That is not a lifetime of work, that is a month of building a basic site, a few months of building the PR1, and 7 months of making an absolute mint. The domain gets taken away, he buysanother domain, for... say... Cartier watches. No tears shed, same site, just needs to build the PR1 again.
Easy quick money to be had, go fill your boots, embrace it.
I understood that. I was just replying to "But, there are plenty of corps that still don't bother"
Now let me read the rest of your post.
Maybe Rolex has already taken that domain name. Maybe it was taken before it even reached the third page of Google. And you must add time, effort and money(probably) spent in addition to $10 to reach there.
It reached the first page (I am talking about the first non-rolex owned domain for the phrase 'Rolex Watches').
Why would Rolex build a site selling other watches? When somebody surrenders a domain they transfer the domain only, not a site.
The Whois report suggests that the current owner has been the only owner, and it was created in September 2009.
Backlink Checker suggests that the site has backlinks on just 23 other sites.
I really cannot see where the time and money can be wasted. The site looks basic, would take a semi-competant developer about 2 weeks, it only has a backlinks on 23 sites. I have achieved a PR2 before on a blog with just 8 backlinks.
The site code itself cannot be taken by Rolex, all they have to do is buy another $10 domain. The time spent building the site itself is irrelevant, it can be switched between domains and live again with a few minutes. The hosting, if the owner is wise, will be an unlimited package. In other words, he will have multiple sites on one hosting account.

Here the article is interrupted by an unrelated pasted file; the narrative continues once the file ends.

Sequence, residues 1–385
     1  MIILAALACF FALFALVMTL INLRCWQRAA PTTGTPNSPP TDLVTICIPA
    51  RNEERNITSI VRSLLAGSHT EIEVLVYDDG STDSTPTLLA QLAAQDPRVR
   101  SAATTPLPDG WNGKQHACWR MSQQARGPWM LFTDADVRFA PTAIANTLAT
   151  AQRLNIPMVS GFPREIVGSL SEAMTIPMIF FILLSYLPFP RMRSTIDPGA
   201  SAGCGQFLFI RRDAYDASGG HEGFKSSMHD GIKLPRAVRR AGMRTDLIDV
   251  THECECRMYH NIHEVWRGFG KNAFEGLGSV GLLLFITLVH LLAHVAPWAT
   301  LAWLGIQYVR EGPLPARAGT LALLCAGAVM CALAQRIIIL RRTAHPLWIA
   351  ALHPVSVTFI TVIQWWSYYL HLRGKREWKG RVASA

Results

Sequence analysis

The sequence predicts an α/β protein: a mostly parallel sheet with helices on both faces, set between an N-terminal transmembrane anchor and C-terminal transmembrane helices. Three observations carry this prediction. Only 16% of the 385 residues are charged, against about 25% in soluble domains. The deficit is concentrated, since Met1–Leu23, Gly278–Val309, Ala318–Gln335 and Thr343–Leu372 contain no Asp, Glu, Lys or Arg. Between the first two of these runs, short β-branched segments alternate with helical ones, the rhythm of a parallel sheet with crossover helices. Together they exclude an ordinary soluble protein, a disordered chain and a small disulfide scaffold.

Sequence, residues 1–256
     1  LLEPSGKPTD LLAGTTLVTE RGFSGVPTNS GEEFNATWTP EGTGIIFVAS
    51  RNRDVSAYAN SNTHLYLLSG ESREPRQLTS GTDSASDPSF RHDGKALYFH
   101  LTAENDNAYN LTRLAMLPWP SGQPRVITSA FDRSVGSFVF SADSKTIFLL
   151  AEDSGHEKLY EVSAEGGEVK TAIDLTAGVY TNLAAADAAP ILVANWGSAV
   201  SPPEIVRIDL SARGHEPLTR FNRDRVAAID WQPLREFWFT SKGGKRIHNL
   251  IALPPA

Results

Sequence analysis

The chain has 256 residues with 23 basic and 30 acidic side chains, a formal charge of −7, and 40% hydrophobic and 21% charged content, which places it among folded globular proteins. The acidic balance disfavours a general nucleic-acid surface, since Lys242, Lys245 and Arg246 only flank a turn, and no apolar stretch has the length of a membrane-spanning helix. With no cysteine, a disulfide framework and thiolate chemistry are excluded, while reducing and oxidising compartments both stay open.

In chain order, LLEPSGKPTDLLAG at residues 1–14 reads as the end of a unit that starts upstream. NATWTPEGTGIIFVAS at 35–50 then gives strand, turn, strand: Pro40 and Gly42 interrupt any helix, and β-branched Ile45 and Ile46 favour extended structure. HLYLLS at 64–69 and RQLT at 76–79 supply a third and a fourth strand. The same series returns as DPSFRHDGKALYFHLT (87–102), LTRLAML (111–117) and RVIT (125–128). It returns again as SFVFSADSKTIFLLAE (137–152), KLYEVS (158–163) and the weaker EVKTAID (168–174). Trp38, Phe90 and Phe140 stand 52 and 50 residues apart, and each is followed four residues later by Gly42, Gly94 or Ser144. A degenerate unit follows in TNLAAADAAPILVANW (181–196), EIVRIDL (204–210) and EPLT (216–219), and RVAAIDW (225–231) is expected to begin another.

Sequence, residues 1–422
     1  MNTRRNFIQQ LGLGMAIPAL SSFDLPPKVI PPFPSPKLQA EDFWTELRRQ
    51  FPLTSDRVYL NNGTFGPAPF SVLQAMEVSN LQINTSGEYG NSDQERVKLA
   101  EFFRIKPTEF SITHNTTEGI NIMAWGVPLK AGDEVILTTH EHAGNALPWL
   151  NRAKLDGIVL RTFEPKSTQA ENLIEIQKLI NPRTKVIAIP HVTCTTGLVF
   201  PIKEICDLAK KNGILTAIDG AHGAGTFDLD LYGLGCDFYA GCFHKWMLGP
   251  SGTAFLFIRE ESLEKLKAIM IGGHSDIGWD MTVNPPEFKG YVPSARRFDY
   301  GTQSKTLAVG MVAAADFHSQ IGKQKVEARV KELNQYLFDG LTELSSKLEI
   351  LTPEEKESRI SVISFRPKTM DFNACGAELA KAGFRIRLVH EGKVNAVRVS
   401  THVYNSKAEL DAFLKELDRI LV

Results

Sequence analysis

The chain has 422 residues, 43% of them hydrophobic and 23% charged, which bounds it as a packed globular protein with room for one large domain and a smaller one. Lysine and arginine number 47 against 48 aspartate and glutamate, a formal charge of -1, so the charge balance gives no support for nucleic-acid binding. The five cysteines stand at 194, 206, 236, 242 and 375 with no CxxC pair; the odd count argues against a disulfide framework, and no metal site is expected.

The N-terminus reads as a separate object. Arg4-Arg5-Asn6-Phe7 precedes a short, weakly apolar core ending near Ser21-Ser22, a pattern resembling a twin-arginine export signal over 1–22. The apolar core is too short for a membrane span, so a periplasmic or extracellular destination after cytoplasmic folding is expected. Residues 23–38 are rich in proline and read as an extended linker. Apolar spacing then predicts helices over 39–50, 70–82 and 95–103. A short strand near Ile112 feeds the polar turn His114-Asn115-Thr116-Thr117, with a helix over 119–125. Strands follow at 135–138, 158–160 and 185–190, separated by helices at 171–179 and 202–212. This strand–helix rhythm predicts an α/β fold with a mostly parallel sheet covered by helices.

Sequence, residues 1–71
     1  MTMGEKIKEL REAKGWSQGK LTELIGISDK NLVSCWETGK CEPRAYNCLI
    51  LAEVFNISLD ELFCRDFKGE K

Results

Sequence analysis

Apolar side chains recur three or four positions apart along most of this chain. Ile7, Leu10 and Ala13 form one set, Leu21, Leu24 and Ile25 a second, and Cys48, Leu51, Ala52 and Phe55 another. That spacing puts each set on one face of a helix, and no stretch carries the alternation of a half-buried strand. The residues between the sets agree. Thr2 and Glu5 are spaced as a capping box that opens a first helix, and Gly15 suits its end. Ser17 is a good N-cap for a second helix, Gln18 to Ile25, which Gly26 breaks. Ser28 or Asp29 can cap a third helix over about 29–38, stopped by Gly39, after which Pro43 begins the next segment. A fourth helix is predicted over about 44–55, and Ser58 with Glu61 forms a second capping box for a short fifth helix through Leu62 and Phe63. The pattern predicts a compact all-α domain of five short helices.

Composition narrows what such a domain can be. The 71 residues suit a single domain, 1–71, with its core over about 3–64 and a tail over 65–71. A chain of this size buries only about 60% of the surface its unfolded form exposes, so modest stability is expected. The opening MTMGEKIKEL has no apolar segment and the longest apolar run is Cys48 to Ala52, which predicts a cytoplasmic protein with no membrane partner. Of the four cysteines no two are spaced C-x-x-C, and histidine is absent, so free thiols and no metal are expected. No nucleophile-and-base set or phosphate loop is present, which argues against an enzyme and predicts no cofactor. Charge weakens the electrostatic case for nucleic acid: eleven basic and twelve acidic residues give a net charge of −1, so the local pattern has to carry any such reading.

So $10 for a domain, a couple of days of backlinking, a couple of months of patience, and you are on the top page for an incredible term.
Sorry but we obviously have very different perceptions, I see that as minimal effort and well worth a few months on the first page of Google, its all good though
Right..it depends on the original trademark owner. They may not even know who's using their name, until someone points it out.
Also, any affiliates promoting a product from ClickBank may be able to use the product name in their landing page domain (best to check first), since the product vendor has likely purposely not used the product name as a keyword on their sales page, thus giving affiliates a better chance to be found on the search results, instead of the vendor.
It's also not uncommon for some vendors to have their corporate name as their domain name, whereas web surfers are more likely to type in the product they're searching for, thus the product name from other websites is bound to supercede the vendor's corporate site, unless they've also reserved the product name site as well.
Otherwise, just use common sense, or check with the original owner, for possiblly acceptable variations.